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The First Noble Truth

The First Noble Truth
Today we’ll start the regular mail of the Daily Buddhism. We may as well start from the beginning. The very foundation of Buddhism is the Four Noble Truths. I can’t think of a better place to start than these ideas. We’ll cover them in order over the next four days. Many stories and concepts have been credited to the Buddha over the millenia since his death; some probably came from him, while others were probably apocryphal. No one doubts that Buddha himself came up with the Four Noble Truths. This is really the heart of Buddhism.

The first Noble Truth is the idea that All of life is suffering.

This just seems obviously wrong on first consideration. I was happy today, I was happy yesterday. Sure, there is occasional suffering for most people, and for some people there may actually be constant suffering, but to say all of life is suffering sounds not only depressing, but just plain wrong. Many people, hearing this most basic rule of Buddhism, immediately come to the conclusion that Buddhism is a negative thing; a depressing thing; a real downer. This is not the case.

On further reflection, there is a lot to be said for this idea. Bear with me a minute. There are various types of suffering with which we all must deal:

First, there is physical suffering. This is what most of us think of when we first hear about suffering; physical pain, mental distress and strong emotional disturbances. Things that make you… suffer. That’s pretty obvious.

But Buddha expanded on the idea of suffering by taking into consideration that all happiness is temporary. Everything is in fact temporary. This idea is what Buddhists call ‚Äúimpermanence.‚Äù No matter what you have, who you love, or what you do, eventually you will lose it. You will grow old and suffer; your friends and family will die. The great works you have done in your life will fade from memory. You will eventually die. You can build a stone monument that lasts three thousand years, but it too will eventually turn to dust. Yes, it’s depressing, but you have to admit that it’s true.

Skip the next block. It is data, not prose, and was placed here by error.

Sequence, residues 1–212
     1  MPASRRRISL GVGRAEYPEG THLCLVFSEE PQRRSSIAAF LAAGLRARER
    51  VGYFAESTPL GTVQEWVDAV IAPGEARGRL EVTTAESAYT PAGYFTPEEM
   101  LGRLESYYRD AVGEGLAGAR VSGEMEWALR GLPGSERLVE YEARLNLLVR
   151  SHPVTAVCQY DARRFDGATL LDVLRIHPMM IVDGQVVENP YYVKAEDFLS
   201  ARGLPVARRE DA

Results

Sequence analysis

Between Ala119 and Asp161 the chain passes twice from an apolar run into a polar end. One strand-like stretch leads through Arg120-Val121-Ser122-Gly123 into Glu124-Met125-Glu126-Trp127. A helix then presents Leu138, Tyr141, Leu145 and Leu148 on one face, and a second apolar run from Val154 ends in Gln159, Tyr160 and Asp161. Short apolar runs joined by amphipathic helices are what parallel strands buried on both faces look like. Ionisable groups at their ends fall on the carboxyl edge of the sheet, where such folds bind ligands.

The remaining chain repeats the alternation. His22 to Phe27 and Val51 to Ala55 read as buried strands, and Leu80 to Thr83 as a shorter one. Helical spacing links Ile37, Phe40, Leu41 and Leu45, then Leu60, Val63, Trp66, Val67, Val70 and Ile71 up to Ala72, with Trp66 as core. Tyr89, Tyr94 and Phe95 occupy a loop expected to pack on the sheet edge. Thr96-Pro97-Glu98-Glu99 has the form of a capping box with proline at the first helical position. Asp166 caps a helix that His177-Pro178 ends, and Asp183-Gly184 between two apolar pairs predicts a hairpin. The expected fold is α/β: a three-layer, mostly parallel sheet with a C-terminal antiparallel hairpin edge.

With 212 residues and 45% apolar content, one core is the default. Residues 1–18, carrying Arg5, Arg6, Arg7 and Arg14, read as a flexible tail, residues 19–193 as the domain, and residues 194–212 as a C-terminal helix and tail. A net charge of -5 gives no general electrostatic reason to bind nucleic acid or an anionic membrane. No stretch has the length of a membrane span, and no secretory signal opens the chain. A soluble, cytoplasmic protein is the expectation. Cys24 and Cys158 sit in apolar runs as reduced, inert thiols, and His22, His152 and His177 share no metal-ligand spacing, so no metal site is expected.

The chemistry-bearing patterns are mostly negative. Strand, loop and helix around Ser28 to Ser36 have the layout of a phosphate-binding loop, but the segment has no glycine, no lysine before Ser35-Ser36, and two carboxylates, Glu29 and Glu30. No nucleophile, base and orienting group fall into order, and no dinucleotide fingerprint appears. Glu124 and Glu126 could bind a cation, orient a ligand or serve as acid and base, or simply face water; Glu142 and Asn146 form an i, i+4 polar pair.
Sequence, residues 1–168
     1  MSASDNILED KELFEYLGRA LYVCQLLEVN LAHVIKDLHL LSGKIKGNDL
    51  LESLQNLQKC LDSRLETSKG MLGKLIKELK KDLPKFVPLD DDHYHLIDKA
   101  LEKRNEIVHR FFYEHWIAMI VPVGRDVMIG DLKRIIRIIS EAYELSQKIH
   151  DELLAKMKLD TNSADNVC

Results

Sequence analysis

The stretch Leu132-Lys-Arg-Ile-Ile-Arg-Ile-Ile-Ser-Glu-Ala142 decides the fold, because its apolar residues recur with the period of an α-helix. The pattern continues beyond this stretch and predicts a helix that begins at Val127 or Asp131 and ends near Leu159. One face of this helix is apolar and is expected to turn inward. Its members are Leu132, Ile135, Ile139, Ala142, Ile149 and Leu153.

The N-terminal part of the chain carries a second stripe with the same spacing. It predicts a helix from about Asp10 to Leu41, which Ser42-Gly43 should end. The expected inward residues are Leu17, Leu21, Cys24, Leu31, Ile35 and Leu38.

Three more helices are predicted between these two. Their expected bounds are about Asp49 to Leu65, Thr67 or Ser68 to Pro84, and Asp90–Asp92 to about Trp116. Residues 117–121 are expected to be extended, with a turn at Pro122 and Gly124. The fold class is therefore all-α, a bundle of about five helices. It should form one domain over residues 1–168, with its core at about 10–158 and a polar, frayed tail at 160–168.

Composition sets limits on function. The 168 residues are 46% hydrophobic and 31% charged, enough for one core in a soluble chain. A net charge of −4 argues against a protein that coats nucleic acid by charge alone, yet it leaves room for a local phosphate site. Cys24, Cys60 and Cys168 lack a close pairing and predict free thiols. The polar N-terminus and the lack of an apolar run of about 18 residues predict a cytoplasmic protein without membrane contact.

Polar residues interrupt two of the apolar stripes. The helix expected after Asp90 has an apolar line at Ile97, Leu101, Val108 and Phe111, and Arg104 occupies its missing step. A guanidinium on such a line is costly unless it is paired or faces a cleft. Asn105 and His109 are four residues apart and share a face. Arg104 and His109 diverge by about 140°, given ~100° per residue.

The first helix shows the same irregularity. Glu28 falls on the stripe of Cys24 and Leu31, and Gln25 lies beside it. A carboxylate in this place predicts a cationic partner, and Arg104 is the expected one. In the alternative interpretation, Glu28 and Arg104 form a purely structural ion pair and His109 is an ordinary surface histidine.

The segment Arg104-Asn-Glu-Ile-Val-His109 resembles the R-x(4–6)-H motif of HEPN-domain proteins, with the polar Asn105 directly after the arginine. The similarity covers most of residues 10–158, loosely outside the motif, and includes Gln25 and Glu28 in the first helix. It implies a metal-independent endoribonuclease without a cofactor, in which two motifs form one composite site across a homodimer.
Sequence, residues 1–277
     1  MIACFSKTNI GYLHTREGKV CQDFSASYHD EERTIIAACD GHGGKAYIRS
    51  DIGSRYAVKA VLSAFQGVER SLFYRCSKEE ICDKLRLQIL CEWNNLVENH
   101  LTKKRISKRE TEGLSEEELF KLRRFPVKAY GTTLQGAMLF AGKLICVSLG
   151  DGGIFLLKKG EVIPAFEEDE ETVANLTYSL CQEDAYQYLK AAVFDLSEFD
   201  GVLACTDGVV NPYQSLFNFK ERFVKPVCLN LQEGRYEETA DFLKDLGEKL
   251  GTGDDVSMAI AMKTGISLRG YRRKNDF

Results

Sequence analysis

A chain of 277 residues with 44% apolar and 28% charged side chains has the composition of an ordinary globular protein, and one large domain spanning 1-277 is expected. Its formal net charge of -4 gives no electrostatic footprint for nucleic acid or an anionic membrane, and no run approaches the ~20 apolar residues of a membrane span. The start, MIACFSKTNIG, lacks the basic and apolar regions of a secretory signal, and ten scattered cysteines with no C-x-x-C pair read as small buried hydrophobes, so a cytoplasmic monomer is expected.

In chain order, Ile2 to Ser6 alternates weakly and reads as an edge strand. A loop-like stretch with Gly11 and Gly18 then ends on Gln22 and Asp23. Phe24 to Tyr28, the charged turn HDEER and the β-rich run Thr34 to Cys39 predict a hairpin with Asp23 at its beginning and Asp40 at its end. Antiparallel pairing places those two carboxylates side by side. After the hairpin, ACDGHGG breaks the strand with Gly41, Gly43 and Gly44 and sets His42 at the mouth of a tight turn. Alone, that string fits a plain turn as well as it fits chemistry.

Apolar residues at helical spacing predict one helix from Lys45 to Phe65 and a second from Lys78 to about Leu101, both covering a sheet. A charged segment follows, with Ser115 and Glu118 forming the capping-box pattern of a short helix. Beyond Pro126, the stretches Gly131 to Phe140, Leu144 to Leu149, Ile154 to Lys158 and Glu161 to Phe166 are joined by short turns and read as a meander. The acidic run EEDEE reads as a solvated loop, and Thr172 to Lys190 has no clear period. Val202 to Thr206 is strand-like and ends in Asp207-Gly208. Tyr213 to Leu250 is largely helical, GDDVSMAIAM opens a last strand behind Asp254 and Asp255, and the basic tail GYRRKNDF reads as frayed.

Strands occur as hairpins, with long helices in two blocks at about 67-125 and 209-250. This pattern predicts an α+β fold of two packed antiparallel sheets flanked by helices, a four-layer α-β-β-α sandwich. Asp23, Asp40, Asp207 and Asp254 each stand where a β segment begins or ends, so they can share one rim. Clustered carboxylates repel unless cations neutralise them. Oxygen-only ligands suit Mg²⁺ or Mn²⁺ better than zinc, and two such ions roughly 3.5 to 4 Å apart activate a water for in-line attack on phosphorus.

Buddha, coming from a background as a Hindu, took that second idea of suffering and expended it infinitely. If all of life is suffering, then what does reincarnation add to the mix? The answer is eternal suffering. Once you die an dget a little relief in this life, the cycle starts over again.

Also keep in mind that when I say “suffering,” I am poorly translating the word “Dukkha” which does mean suffering, but also means “imperfect” and “unsatisfying” as well as “grasping.” Here is one translation of Buddhas own explanation:

“Now this … is the noble truth of suffering:birth is suffering, aging is suffering, illness is suffering, death is suffering; union with what is displeasing is suffering; separation from what is pleasing is suffering; not to get what one wants is suffering; in brief, the five aggregates subject to clinging are suffering.”

This idea of suffering is hard to accept, because we have been raised to think of life and the world as basically a good thing. And this is true to a certain extent; we can be happy for a while, but don’t you know in the back of your mind that sooner or later the happiness will end? This really is some depressing and sad stuff. Fortunately, Buddha found the reason for this suffering and figured out a way to defeat it.

Stay tuned!


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